• Second, recall that the whole equal-rights-for-unmarried-partners scam was originally defended by "gay" activists with the argument (among others) that lesbian relationships are more stable than heterosexual marriages. Women, the reasoning ran, are genetically wired to be faithful and monogamous — apparently the only permissible genetic difference between the sexes — and their households, less threatened by domestic breakups, are good for the economy. In the case of Mindy and Shelley, I have the evidence of my own eyes to serve as a practical test of that premise, and it just ain't so. Shelley has been through three "true, lifelong partners" in the ten years I've known her, and her last "stable relationship" included another artificially inseminated offspring. Alas, one of Heather's two mommies ran off with another woman, and the other one is now receiving government subsidies to help underwrite the expenses of unwed parenting. When you do the math, that means another hand in my wallet.

If this were the sole nugget of misinformation the homosexual alliances have foisted on us in their struggle for acceptance as normal folks, it would be bad enough. But if you believe it's their only little fib, maybe I could interest you in 50 acres of prime building lot in the Dismal Swamp.

• Finally, the pending demonic event is helping to establish (in the minds of my co-workers and the policies of my employer) another link in the chain of precedent that eventually shackles us, like Marley's ghost, to the mindless insanity of the law and our ever-accelerating descent into chaos. (If you think this is an extreme viewpoint, ask yourself this: If you were to read this essay, or practically anything else you might find in The Last Ditch, aloud in a public place at midday, what would be the odds of your being hauled up for inciting hate crimes? Pretty good, wot? Ah, I thought you'd catch the point. Remember — if the First Amendment can be rendered inapplicable by public custom, nothing is impossible.)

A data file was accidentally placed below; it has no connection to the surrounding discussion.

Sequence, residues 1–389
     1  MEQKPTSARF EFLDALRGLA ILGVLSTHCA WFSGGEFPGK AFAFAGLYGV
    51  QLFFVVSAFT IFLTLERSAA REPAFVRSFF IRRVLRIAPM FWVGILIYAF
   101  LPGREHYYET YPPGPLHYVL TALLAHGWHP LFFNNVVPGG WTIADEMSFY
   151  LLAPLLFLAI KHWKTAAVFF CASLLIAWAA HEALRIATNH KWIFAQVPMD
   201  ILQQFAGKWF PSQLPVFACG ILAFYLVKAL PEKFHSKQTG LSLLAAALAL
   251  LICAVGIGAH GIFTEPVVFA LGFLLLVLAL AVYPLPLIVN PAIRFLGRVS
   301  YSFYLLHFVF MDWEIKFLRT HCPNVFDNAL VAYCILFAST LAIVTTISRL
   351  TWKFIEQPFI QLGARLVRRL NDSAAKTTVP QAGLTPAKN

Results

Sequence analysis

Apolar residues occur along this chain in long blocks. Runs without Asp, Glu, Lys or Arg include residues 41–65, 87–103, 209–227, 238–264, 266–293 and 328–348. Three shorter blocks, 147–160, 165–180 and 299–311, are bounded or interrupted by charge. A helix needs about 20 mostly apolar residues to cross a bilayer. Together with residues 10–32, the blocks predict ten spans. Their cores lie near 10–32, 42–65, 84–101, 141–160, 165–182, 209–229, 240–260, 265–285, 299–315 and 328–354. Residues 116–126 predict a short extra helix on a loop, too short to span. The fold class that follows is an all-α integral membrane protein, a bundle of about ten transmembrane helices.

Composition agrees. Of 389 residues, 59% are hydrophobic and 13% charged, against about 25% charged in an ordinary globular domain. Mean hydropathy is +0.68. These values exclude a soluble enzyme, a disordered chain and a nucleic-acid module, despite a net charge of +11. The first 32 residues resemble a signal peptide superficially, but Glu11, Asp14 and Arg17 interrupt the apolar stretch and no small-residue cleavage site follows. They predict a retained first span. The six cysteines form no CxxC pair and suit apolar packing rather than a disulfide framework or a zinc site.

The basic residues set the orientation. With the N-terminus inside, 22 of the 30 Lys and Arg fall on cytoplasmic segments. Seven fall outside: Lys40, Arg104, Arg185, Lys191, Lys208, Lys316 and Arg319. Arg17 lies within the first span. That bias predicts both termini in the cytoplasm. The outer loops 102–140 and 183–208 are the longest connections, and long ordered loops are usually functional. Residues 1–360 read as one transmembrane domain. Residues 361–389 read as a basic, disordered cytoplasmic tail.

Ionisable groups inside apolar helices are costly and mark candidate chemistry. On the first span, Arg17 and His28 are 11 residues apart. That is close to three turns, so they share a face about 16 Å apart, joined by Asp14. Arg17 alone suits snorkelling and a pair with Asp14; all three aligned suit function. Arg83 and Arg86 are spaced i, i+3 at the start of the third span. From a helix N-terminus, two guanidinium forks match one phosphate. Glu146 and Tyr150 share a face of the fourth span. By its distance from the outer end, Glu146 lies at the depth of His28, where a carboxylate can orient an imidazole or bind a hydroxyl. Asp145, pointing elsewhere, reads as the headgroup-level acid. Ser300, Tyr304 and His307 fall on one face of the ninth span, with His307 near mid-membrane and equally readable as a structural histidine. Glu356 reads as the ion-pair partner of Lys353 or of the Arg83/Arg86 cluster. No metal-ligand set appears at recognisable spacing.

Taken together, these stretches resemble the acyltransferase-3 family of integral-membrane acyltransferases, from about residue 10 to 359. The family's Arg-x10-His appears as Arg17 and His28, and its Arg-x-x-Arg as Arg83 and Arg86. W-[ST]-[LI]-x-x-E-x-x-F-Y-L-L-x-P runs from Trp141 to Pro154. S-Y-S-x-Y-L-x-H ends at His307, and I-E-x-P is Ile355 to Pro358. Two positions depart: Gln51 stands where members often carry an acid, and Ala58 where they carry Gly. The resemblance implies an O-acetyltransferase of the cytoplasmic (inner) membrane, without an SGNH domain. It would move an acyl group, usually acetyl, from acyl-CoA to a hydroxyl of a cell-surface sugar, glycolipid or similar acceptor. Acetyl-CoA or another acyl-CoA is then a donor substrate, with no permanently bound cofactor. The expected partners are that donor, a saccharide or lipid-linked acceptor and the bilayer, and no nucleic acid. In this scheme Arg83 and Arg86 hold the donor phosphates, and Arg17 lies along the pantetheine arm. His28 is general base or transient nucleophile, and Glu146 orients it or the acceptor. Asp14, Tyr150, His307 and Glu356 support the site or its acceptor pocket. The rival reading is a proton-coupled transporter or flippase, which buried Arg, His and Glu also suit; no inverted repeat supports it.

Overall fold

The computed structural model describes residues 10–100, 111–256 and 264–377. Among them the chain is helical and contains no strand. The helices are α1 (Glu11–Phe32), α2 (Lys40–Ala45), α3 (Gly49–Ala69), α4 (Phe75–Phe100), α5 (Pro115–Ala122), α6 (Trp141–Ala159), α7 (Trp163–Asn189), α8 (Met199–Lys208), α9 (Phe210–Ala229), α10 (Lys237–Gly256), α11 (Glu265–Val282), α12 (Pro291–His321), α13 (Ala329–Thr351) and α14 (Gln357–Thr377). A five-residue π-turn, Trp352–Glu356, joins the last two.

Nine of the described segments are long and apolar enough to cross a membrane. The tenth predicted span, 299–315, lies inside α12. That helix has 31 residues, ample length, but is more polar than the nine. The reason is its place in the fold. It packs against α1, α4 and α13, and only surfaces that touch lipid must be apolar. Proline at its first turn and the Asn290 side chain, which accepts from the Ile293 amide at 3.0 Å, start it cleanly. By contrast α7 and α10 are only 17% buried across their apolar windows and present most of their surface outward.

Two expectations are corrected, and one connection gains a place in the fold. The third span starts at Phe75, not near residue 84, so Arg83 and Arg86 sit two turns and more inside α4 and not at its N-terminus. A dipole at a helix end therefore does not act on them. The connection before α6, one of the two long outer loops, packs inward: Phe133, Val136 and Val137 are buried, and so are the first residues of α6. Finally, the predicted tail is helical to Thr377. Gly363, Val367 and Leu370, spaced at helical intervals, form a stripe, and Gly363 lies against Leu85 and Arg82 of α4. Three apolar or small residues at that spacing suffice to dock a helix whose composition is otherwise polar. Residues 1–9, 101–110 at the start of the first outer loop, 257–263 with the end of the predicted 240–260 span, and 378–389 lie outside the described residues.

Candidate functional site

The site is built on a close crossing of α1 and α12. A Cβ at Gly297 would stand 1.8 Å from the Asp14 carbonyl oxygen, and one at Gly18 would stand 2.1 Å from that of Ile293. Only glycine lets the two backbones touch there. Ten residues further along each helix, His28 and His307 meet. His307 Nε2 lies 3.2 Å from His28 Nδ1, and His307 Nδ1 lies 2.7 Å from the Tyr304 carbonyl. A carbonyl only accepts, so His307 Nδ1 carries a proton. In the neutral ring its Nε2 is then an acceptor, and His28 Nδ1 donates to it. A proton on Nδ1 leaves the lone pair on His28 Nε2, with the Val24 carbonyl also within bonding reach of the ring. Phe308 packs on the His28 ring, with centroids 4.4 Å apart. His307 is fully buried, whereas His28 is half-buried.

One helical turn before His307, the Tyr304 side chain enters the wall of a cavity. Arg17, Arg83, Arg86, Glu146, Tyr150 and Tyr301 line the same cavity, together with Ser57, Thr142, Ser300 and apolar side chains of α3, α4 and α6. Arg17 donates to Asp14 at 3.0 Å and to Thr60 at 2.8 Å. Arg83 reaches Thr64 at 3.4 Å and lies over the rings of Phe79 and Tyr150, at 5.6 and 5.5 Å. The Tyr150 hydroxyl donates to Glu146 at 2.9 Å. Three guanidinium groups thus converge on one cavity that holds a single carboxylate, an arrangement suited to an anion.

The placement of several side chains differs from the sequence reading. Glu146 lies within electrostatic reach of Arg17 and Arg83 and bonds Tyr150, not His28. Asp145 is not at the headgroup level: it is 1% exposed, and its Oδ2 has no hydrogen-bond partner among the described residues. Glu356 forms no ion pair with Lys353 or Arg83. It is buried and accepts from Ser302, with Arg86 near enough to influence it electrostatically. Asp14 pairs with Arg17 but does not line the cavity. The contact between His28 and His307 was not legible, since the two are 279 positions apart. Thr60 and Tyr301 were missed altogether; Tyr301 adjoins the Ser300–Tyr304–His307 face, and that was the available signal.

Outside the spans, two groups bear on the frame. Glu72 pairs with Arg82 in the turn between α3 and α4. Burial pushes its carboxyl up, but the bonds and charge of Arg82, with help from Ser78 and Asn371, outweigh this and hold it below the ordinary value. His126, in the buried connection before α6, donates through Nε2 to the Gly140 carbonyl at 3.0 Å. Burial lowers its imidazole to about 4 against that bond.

At present there are few, if any, laws requiring that same-sex spousal equivalents be accorded the same legal protections as married couples. Such developments as the Disney Company's much-touted offering of spousal benefits to same-sex partners are driven by PC considerations, not by legal mandate. But in today's topsy-turvy society, perception is reality, and wishing makes it so. Eventually some jurisdiction will pass a law requiring employers to offer equal benefits to same-sex partners, or a state that has elected to recognize same-sex civil unions will start mulling over the fairness issue, and, hey, presto! As Vermont goes, so goes the nation, or some such platitude. Every such accretion to the creeping blight that is our national morality diminishes our collective civility and ultimately diminishes us all.

***

And so Mindy is knitting itty-bitty booties and Shelley, who is sort of butch but likes to show off her domestic skills as a parlor trick, is stenciling bunnies on the walls of their second-largest bedroom. And you and I, O Best Beloved, are being conned into thinking that all is right with the world. Pay no attention to the gay-rights activist behind the curtain.

© 2002 by WTM Enterprises. All rights reserved.